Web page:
Quality Care for Children maintains a statewide database of registered and licensed child care programs for 877-ALL-GA-KIDS, the statewide child care referral service. As a result, the organization compiles information about cost, subsidy acceptance, financial assistance, special needs experience, types of child care available (choice), Georgia Pre-K, and national accreditation. The database is updated on an ongoing basis.
Understanding the data
Supply and Quality
The table on “supply and quality” shows the number of programs by type (child care centers and family child care homes) as well as the number of programs in compliance and number of programs accredited. It also provides the capacity or number of children that can be served by all programs and by accredited programs.
Type of Care (Choice)
Based on the parent requests for child care received by 877-ALL GA Kids over a 12 month period, the ideal mix of child care in a community would be an equal number of Family Child Care/Group Homes and Child Care Centers. Having the option between family child care and child care centers provides parents the ability to choose the care that best fits their child’s and family’s needs. Family child care is selected most often by parents of infants and toddlers. Parents who choose family child care typically site the flexibility of the schedule (family child care is more likely to provide care during non-traditional hours), typically lower costs, more individualized care, and smaller group size as their reasons. Parents who choose child care centers usually site more opportunities for and diversity in social interactions and more structured learning curriculum as their reasons. These characterizations of family child care and center-based child care are generalizations. There is variety in both types of care.
While compliance is the measure of meeting minimum state licensing standards in child care, national accreditation represents the best practices, the highest quality in child care. Nationally accredited programs exceed state standards in several areas including child/teacher ratios, group sizes, and teacher training and credentials. Child care centers and family child care homes earn accreditation when they meet the higher standards set by the national accreditation body. The accreditation numbers used in this report include programs accredited by the three most recognized national accreditation organizations.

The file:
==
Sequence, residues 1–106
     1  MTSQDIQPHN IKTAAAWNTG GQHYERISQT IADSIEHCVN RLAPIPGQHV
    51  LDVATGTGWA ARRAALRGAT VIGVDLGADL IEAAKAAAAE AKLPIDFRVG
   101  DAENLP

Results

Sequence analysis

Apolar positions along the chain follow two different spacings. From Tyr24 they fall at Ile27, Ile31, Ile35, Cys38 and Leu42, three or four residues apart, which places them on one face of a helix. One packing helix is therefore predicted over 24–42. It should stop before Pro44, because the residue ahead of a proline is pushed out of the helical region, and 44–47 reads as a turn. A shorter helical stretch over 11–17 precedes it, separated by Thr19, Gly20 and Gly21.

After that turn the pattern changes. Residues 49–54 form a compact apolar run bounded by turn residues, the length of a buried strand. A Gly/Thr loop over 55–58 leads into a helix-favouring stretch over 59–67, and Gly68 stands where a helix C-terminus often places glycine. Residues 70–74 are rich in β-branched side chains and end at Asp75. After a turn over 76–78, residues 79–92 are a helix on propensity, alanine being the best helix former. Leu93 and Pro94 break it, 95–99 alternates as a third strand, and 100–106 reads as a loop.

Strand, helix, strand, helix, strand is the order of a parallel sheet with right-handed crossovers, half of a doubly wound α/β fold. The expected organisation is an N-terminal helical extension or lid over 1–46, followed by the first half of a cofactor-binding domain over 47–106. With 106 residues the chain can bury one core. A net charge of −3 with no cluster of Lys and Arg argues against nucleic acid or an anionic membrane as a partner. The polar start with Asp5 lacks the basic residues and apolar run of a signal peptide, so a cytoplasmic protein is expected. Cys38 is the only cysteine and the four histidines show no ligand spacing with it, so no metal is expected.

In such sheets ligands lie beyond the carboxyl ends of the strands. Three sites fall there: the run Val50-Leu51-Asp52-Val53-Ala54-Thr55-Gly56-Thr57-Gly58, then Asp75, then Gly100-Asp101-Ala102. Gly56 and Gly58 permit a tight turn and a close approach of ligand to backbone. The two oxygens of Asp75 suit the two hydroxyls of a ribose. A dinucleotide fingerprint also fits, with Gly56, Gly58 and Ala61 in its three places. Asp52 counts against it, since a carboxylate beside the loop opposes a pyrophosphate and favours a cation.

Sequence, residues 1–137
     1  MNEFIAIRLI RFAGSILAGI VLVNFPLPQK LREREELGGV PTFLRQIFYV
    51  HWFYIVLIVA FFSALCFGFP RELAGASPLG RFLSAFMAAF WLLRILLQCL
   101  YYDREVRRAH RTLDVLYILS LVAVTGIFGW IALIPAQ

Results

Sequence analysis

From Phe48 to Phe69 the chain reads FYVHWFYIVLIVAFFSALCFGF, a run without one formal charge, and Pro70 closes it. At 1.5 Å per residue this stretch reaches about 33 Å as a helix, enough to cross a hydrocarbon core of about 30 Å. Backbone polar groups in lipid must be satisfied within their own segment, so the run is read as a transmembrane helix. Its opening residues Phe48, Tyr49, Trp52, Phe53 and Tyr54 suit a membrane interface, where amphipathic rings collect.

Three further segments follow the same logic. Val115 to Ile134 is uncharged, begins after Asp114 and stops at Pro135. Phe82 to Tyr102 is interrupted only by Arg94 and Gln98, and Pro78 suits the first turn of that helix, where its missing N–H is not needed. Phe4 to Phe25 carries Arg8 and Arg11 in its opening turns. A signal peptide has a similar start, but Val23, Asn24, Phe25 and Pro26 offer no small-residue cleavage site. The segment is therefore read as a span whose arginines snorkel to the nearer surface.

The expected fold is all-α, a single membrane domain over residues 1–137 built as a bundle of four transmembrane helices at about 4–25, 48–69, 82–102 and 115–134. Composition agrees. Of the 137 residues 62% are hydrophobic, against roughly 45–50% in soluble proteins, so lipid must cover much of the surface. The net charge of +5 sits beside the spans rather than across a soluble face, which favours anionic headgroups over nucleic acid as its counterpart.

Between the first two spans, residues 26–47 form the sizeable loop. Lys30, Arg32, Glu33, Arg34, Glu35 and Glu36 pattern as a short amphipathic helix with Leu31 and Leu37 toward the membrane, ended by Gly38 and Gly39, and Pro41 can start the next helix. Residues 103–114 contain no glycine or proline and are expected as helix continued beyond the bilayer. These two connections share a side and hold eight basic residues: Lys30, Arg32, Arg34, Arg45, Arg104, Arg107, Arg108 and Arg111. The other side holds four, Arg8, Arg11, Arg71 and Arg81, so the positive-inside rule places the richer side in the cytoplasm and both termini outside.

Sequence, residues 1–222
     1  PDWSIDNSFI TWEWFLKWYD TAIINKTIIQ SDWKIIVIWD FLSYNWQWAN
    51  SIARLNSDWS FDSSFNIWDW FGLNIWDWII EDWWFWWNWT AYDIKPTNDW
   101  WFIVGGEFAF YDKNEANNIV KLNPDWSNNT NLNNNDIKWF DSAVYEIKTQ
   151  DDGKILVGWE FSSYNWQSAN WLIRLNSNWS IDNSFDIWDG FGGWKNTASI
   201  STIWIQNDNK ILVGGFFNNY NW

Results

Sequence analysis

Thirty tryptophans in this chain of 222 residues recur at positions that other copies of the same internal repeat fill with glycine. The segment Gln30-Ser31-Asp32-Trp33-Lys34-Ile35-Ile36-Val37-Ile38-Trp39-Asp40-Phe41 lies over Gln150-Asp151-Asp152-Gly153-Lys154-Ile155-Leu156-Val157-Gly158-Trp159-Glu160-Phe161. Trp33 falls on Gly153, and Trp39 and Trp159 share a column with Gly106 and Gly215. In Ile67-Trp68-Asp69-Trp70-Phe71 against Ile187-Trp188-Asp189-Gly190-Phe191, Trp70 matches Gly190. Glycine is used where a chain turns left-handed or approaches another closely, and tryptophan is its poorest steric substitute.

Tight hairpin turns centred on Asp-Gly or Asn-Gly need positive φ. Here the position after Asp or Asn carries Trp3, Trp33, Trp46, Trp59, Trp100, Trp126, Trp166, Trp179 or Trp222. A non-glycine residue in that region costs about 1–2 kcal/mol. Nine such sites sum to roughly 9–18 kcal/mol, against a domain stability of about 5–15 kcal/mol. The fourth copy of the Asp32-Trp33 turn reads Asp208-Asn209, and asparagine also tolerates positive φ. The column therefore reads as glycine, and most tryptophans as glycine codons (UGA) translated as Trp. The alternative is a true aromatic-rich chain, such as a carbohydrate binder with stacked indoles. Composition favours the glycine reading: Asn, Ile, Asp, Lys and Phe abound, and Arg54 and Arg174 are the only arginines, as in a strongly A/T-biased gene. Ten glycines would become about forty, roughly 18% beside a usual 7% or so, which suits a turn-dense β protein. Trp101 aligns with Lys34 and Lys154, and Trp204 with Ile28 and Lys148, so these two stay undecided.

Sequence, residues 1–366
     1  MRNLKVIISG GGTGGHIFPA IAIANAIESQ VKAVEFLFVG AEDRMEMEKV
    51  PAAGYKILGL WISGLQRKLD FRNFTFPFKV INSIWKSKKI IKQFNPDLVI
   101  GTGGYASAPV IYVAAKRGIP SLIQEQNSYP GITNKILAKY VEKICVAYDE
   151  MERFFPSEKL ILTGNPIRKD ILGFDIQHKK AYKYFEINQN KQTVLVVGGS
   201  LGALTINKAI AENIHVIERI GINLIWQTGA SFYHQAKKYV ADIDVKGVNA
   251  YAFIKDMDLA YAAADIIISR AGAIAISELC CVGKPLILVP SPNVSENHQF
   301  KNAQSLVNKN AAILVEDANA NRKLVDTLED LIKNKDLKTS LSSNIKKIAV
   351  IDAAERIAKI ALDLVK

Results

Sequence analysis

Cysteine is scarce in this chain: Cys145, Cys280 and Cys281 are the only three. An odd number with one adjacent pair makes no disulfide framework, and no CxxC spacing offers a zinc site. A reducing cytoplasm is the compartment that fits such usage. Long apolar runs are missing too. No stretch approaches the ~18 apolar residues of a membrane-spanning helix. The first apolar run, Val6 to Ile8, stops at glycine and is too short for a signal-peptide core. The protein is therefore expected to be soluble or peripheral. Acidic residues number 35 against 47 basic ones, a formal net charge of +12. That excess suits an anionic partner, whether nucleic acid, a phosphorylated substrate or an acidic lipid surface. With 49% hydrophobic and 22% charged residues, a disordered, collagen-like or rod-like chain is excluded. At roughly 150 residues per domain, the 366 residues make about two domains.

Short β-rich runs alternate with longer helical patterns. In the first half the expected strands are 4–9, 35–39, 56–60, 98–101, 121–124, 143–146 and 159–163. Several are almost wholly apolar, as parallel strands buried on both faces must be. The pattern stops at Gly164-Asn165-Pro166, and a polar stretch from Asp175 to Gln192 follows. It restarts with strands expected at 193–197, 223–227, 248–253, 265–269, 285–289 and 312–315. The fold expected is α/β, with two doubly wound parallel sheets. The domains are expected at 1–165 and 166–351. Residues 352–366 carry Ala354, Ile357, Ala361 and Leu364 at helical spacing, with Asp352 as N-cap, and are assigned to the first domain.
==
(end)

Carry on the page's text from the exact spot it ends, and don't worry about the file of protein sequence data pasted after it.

For Child Care Centers or Group Homes:
- NAEYC-National Association for the Education of Young Children
- NECPA-National Early Childhood Program Accreditation
For Family Child Care or Group Homes:
- NAFCC- National Association of Family Child Care
Accreditation is based on the number of NAEYC, NECPA, and NAFCC accredited programs in a county. There are only 34 counties in Georgia with an accredited program.
The “desired capacity” is also listed for “all programs” and for “accredited programs”. Child care programs may be licensed by the state to care for more children than the accrediting body allows, or than they desire. Therefore “desired” capacity provides the most accurate picture of child care supply.
Cost of Care
The majority of parents who call our referral service, 877-ALL-GA-KIDS, name cost as their primary concern when looking for child care. We believe that this reflects an assumption that if child care is licensed and monitored by the state it provides all that children need; a lack of knowledge about the true importance of early care and education; as well as real budgetary restrictions that too often limit choice for young families.
Cost of Care by Age Group